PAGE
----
How 'Black Nativity' Made Its Way To The Big Screen : Code Switch The film is one of several fall and winter offerings from Fox Searchlight — including 12 Years a Slave, Black Nativity and Baggage Claim — featuring African-American casts and themes.
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How 'Black Nativity' Made Its Way To The Big Screen

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How 'Black Nativity' Made Its Way To The Big Screen

How 'Black Nativity' Made Its Way To The Big Screen

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The film "Black Nativity" is already in theaters. It didn't get the kind of buzz "Anchorman 2" has, but it still got people in Hollywood talking. That's because it's part of a trio of movies with African-American casts put out this fall by the studio Fox Searchlight. NPR's Mandalit Del Barco explains.

MANDELIT DEL BARCO, BYLINE: This season, Fox Searchlight dished out a complete meal. First, an appetizer in September, the romantic comedy "Baggage Claim," starring Paula Patton.


DEL BARCO: Then, in October, the studio served up a substantial main course with "12 Years a Slave." The sweeping epic, by director Steve McQueen, is already an Academy Award shoo-in.


DEL BARCO: Now, "Black Nativity" is Fox Searchlight's dessert, a sweet Christmas tear-jerker. Oscar winners Forest Whitaker, Angela Bassett and Jennifer Hudson sing their way into the holidays.


ANGELA BASSETT: (As Aretha Cobbs) It's time to forgive. And it's time to come home.

DEL BARCO: This new film, set in Harlem, is a modern version of a classic Langston Hughes play familiar to many African-American audiences. Director Kasi Lemmons says it was an easy sell to Fox Searchlight's senior vice president of production.

KASI LEMMONS: I was at the Spirit Awards and ran into Zola Mashariki, from Fox Searchlight - who I knew. And so I said, Zola - you know - I want to do "Black Nativity," and she said, I'm doing it. I said, OK - because, you know, I'm going around, and I want you to hear my pitch. And she said: I said, I'm doing it.

ZOLA MASHARIKI: I was like, of course I know "Black Nativity," the play. Of course I know Langston Hughes. Why hasn't anyone done this?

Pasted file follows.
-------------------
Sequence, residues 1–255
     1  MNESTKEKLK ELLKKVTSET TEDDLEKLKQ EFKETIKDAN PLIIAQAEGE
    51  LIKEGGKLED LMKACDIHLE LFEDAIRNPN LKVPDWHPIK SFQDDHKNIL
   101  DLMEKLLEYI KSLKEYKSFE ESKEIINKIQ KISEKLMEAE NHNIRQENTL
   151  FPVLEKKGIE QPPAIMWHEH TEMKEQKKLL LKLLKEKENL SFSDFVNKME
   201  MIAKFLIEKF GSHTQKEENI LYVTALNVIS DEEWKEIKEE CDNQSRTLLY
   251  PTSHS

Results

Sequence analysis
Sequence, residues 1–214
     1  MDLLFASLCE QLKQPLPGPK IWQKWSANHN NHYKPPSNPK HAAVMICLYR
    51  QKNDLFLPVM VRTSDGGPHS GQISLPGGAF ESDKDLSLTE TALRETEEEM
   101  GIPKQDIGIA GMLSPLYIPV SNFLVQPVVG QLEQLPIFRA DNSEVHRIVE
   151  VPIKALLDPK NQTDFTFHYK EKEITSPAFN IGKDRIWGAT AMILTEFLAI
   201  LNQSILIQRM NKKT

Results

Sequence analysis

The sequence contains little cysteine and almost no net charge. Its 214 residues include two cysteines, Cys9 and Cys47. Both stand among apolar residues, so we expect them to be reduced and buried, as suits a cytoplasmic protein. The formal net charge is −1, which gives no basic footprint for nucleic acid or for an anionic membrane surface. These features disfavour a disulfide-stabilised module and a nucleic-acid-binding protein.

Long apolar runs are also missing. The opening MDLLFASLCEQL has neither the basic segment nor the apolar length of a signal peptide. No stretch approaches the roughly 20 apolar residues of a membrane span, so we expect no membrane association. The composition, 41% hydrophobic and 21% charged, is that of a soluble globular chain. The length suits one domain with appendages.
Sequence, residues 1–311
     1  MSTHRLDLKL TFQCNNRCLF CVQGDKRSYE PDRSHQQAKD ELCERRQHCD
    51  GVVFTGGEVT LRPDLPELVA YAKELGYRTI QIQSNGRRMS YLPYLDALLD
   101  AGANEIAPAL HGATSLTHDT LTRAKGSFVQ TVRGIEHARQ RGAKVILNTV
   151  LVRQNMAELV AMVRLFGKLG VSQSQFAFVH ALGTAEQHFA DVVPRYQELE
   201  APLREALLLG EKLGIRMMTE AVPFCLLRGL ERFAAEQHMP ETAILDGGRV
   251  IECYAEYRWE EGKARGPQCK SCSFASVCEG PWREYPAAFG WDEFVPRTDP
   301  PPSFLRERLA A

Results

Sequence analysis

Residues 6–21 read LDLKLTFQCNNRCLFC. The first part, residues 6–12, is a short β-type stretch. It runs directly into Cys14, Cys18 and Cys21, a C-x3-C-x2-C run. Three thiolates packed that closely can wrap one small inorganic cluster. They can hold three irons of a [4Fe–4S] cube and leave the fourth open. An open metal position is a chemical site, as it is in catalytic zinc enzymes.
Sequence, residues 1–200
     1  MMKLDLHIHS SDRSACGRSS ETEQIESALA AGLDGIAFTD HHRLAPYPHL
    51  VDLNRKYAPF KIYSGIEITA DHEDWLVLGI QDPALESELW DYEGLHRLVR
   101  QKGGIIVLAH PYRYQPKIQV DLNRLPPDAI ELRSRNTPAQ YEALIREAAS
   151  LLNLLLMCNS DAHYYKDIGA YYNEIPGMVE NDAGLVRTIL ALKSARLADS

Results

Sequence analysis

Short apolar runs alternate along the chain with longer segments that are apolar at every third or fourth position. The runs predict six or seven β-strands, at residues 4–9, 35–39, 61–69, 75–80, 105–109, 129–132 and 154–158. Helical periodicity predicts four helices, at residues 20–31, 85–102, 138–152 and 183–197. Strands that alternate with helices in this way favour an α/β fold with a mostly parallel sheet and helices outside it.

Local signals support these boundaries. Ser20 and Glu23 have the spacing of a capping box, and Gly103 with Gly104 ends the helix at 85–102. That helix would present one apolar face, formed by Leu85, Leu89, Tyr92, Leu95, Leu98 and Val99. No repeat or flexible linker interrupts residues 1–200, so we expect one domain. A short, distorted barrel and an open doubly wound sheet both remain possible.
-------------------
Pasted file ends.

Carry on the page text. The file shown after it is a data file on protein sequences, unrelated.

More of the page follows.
DEL BARCO: Zola Mashariki is one of the few black studio executives in Hollywood.

MASHARIKI: It really took having someone in this position who had worked their way up the ladder, to be in a position to buy who could hear that story and go, I know that story. It should be a movie, and people are going to connect with that idea. I don't think many of my colleagues would have heard that and said, I know exactly what that is.

DEL BARCO: Mashariki started out a Brooklyn-born lawyer who studied at Harvard, and taught in the Afro-American studies program with Cornel West. She also co-founded an African-American theater group with playwright August Wilson. At Fox Searchlight, she also brought in "The Secret Life of Bees," "Notorious" and "Just Wright."

MASHARIKI: That makes me really proud because I'm part of that community. And when I came to Hollywood, I wanted to make many different kinds of films, but I think I would have died if I didn't have the opportunity to tell stories about people who looked like me.

DEL BARCO: Mashariki says the studio's slate is a happy coincidence, since the films she shepherds are constantly in development. She's also excited by the recent box office successes for rival studios: Universal's "Best Man Holiday," and the Weinstein Company's critically acclaimed films "Fruitvale Station" and "The Butler," not to mention the movies Tyler Perry churns out every year for Lionsgate.

Film critic Gil Robertson says there have been waves of black filmmakers before, in Hollywood.

GIL ROBERTSON: Urban filmmakers who are outside of the mainstream tend to go through this dance every four or five years with the studios; you know, where you see these rumblings, you see a nice body of work and then, you know, the next year, it's nothing.

DEL BARCO: Still, Robertson credits Fox Searchlight, and Zola Mashariki in particular, with supporting black filmmakers; and he says major studios pay attention to box office successes.

TYRESE GIBSON: Black people's been getting a lot of play in Hollywood.

DEL BARCO: "Black Nativity" co-star Tyrese Gibson says he's really excited about the new energy he's seeing.

GIBSON: Old Hollywood practices would be that you can't have a movie with that many black people and expect it to be successful - because it's going to cater to a specific audience. But when you have a bunch of different type of movies that ends up doing well, everybody in Hollywood have to start rethinking what their approach to filmmaking is.

DEL BARCO: Forest Whitaker, who stars in "Black Nativity" and "The Butler," has been in the game since the 1980s. He says he's also encouraged by the diversity of roles he's getting, and he hopes the box office success translates to even more films with black casts and themes.

FOREST WHITAKER: I think as that continues to open and these films, like, receive the audiences here and abroad, then it'll open up the space for other cultures to be able to do the same thing.

DEL BARCO: In January, Fox Searchlight plans to add a fusion dish to its cuisine: "Belle," a British, mixed-race romance set in the days of slavery.

Mandalit Del Barco, NPR News.



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